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Roland DII - Jastaschule

8" x 10"
Oil on Canvas - 2001

Roland DII - Jastaschule

$400 USD

 
 

Roland DII - Jastaschule
(8" x 10Ē Oil on Canvas Ė2001)

In mid-1918 while Germany still held hopes of winning the First World War, a lone Roland D.II overflys the German countryside. By the time of the last great German Offensive in 1918, the Roland was a war weary fighter. First introduced in 1916, itís promising looks and shark-like profile masked mediocre performance. By the time it reached the front in any substantial numbers, it was inferior to most Allied aircraft. In the early morning sun, a single student pilot tests his wings as he prepares for his final tests and eventual transfer to the front Ė and a better aircraft.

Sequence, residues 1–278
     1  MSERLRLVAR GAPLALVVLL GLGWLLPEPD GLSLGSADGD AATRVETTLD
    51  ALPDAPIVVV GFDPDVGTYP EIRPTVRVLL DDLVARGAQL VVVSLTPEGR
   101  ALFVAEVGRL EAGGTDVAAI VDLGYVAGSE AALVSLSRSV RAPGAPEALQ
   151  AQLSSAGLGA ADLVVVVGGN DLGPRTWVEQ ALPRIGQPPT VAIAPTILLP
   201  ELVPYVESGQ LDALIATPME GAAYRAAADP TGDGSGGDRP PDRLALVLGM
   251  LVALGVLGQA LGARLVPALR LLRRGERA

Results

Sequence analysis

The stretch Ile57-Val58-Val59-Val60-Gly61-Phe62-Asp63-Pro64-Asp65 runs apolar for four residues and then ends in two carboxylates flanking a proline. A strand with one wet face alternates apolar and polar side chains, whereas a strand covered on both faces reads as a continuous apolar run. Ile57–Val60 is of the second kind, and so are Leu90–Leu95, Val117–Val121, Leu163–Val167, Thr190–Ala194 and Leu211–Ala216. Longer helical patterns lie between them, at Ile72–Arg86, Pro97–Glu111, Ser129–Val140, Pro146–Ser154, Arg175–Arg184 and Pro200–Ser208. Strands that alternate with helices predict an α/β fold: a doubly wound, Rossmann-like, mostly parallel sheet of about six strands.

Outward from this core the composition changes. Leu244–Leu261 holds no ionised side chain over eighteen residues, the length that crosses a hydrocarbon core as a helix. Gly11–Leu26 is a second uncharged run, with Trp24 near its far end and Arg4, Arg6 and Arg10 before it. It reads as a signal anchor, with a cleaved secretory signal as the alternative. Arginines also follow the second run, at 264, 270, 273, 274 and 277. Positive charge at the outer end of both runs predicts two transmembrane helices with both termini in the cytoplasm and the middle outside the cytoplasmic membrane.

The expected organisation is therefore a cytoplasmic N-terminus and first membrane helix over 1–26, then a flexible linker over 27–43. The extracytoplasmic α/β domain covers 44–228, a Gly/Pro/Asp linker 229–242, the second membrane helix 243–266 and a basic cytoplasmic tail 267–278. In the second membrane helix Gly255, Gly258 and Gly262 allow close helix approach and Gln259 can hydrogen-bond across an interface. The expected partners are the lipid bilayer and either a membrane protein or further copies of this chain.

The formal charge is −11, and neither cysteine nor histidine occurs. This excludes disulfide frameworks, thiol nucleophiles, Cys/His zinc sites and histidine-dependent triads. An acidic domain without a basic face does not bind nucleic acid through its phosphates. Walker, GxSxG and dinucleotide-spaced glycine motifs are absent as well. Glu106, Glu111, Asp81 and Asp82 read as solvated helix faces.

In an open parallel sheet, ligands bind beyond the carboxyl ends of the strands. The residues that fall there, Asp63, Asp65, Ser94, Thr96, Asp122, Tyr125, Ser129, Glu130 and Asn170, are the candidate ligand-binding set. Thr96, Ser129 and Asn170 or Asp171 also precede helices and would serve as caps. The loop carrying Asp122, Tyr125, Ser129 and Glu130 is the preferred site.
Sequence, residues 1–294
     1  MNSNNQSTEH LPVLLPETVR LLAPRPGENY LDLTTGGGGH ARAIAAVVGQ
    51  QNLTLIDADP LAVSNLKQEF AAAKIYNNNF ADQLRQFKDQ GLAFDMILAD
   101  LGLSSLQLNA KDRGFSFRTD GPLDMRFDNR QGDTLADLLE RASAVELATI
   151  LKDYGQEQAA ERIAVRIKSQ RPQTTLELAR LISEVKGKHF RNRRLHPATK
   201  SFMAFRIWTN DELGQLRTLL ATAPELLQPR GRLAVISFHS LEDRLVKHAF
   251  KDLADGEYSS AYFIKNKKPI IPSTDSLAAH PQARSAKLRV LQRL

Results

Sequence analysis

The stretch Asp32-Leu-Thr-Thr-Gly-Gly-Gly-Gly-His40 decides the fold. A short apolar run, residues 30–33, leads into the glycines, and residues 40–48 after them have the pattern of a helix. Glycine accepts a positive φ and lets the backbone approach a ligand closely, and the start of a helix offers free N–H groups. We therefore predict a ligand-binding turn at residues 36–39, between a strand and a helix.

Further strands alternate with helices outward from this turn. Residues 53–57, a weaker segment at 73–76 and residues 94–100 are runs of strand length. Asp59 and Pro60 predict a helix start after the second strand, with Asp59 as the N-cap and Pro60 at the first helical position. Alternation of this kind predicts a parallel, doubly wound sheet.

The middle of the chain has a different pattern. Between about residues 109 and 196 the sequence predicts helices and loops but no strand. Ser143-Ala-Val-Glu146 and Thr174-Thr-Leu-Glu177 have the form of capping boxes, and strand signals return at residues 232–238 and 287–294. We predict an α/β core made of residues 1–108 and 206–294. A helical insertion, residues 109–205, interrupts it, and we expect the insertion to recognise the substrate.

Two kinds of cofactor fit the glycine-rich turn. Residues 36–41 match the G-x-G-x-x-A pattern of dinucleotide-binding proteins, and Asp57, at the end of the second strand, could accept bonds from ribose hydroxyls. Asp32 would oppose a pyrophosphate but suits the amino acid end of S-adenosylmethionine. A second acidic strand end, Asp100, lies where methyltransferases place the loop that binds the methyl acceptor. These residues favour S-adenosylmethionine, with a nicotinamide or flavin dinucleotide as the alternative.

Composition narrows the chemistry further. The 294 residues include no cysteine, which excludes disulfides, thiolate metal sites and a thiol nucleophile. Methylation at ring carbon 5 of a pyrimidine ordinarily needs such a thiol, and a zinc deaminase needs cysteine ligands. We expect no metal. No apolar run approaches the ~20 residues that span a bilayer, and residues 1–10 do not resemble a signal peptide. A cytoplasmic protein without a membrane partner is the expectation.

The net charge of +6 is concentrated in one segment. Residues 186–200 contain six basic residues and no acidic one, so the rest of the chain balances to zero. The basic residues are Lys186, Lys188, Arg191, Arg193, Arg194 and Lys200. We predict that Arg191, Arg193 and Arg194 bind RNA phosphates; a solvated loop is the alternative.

Unlike itís successful two seat predecessor, the Roland C.II, the D.II was a disappointment as a fighter. The semi-monocoque fuselage was built up of diagonally arranged ply strips over a light frame and then covered with fabric. The robust structure was admired by pilots, but poor climb performance and a slow rate of roll kept the airplane from meeting the expectations of itís pedigree. Engines originally allotted to the Roland were diverted to more promising aircraft once itís poor handling characteristics manifested themselves. The Roland was long retired from front-line service by 1918, only 6 on active service in October of 1917. Relegated to less active sectors and the eastern front squadrons, the aircraft proved a serviceable fighter in a limited role, but was not up to the rigorous requirements of a fighter on the western front.

When retired from itís brief combat career, the Roland served well as trainers in the JastaSchules Ė Fighter Pilot Schools. Many of the fighter pilots trained towards the end of the war, cut their teeth on the type before moving on to front line units.